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Mayor’s Method of Ridding Tamale of Street Children Clumsy, Erratic and Inhumane

Sunday’s round up of street kids by the Tamale Metropolitan Assembly Task Force led by the mayor, Mr. Musah Superior, was clumsy, ill-advised and poorly executed. To a large extent,  the event demonstrated how intrusive and powerful government can be.  Simply put, it was heavy handed.

Without as much as a warning, even though the mayor emphasized that parents had prior knowledge of the raid, he and his Task Force came swooping in on the children like a U.S. army Apache helicopter surprising a bunch of frightened Iraqi troops in the 1991 Gulf War.  The children naturally were scared and petrified.

Their parents and a bemused public, of course, looked on helplessly. Where are civil society organizations when you most need them?

The frightened children, hungry, tired and lost were scooped up and taken to an unidentified location where social workers, doctors and others are brought in to attend to their immediate human needs.

Nice. But once again, government demonstrated that it can embark on an action without public input; in other words, it can do whatever it deems fit and no one in his/her right mind will dare question it. The power of government at play here.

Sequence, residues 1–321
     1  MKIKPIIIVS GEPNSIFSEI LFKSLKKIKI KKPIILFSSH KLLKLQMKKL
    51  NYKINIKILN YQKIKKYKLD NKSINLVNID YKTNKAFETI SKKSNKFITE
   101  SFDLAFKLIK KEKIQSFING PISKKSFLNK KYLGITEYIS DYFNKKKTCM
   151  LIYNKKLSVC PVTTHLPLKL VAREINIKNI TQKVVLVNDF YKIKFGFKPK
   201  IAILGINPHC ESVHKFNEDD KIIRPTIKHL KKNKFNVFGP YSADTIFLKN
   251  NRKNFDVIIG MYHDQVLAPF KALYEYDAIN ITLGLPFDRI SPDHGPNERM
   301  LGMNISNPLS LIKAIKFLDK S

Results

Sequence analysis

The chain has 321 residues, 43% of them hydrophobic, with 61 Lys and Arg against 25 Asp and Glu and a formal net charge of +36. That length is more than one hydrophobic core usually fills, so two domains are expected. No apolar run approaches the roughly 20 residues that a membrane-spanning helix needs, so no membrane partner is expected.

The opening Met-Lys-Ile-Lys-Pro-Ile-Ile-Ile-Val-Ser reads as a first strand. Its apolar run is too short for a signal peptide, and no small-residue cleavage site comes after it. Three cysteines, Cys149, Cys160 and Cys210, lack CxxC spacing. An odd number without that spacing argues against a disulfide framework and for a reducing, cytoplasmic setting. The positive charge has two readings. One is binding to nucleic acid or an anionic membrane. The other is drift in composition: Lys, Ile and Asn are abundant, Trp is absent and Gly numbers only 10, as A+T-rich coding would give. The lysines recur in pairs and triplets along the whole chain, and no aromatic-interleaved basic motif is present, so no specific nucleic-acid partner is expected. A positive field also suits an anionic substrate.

Usually, government intervention to correct a social or economic problem is well intended. After all, it is the only entity with the power and financial resources to tackle the problem head on and prescribe meaningful solutions.  However, there are times when government’s action on a problem raises eyebrows and a whole lot of questions.

I believe mayor Superior and the Task Force had good intentions, to rid Tamale of street children and to provide these children with the best of circumstances; I have no qualms about that. Nonetheless, the mayor could have approached the problem more humanely.

And by this I mean, he would have been better off sending an army of social workers and health care providers to interact with the children to collect data on a variety of issues such as what brought he children to the streets, their family histories, school records and other pertinent information that could come in handy down the road.

I am hoping that the mayor and his task force executed this responsibility when they took the children to the unnamed location.

Though I don’t buy the mayor’s arguments for doing what he did on Sunday; in fact the arguments ring hollow;- his goal of ridding Tamale of street children is noble. But one important fact we are losing sight of amid all the chaos is this; street children are on the streets not on their own volition, not because they want to be there.

They don’t. They were forced there by circumstances far beyond their control. If these children had a choice, they would rather be home with their families than spend the night under the skies, moon and stars.

There is a correlation, parallels between the fate of children and the struggling national economy. If the economy is booming, and parents are gainfully employed and bringing home enough money to sustain their families, children will not be abandoned and left to fend for themselves on the streets.

The street children of Tamale present the mayor a unique opportunity to change the fate of thousands of Tamale residents; to work his international contacts and connections to create a strong local economy that will absorb the unemployed and ease the burden on parents.  It may be difficult, but it can be done, Mr. Mayor.




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